disclaimer: This is post 1 of 2 on the same book & poet.
I have to admit this was a frustrating experience. A surprise, if you will. I knew Bishop was very fond of Moore, and somehow expected a sort of poetic kinship, but couldn’t find it. Where Bishop’s poems, to me , were largely very accessible, with footholds and corners and such, Moore’s poems — starting at the beginning — are more like teflon. My mind just slips off, I can’t get a grip. There is craft, certainly, and form, and there are allusions and interesting details, but I had a difficult time getting into this book. That said, I’ve been struggling with a lot of headaches, so this has probably affected my reading experience. Continue reading
Contribution to our USM-wide Poem-In-Your-Pocket Day activity. The Center for Writers / USM’s poets are going to be distributing poems to as many departments as possible. We’ve been trying to find poems that somehow relate to the departments we chose. I picked Marine Science (yep, not too difficult to find one there) and … Polymer Science. That one was a little harder. I settled on a chemistry-themed poem about the sublimation point.
After last night’s reading by Farrah Field and Jared White (and their patient baby boy), and today’s workshop (“playshop”) and reading by the charming Mariahadessa Ekere Tallie it really does feel like poetry month. I am still in the running in our small poetry marathon, — everyone writes a poem a day for the whole month of April. We’ve passed the half-way point already, and many interesting poems have been shared back and forth. I love poetry month!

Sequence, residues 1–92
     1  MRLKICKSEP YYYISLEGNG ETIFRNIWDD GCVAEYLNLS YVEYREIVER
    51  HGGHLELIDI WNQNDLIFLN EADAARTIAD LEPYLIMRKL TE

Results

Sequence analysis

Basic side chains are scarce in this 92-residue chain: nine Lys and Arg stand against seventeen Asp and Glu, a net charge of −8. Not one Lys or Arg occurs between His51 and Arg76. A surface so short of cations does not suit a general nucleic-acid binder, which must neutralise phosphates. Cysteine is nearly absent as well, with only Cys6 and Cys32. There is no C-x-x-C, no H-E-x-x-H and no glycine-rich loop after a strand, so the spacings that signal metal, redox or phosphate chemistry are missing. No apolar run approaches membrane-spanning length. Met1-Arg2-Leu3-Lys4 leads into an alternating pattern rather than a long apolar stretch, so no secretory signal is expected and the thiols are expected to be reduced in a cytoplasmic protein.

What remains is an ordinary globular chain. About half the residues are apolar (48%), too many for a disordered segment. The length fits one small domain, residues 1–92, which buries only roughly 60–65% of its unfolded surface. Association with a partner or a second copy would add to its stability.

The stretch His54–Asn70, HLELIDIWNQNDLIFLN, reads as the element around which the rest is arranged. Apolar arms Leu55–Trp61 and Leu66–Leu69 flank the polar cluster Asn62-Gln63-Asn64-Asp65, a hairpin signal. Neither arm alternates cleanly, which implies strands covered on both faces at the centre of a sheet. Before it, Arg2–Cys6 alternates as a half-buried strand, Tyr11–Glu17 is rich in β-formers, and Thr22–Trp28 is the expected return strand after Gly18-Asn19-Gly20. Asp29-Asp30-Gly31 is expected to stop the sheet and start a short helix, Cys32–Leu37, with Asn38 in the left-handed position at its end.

These past ten days or so I’ve been meaning to read (and then write about) Bishop’s prose. After reading much of the first section (Stories and Memoirs) of the prose volume of the collected works, I have some thoughts to share about Bishop’s non-poetry.
I particularly enjoyed her autobiographical short stories — her attention to detail and her selectiveness when it comes to which details would work most naturally are just as evident here as in any of her poems. Here’s how her young narrator describes Mr. Johnson in “In the Village”:
He is very old, and nice. He has two fingers missing on his right hand where they were caught in a threshing machine. He wears a navy-blue cap with a black leather visor, like a ship’s officer, and a shirt with feathery brown stripes, and a big gold collar button. (77)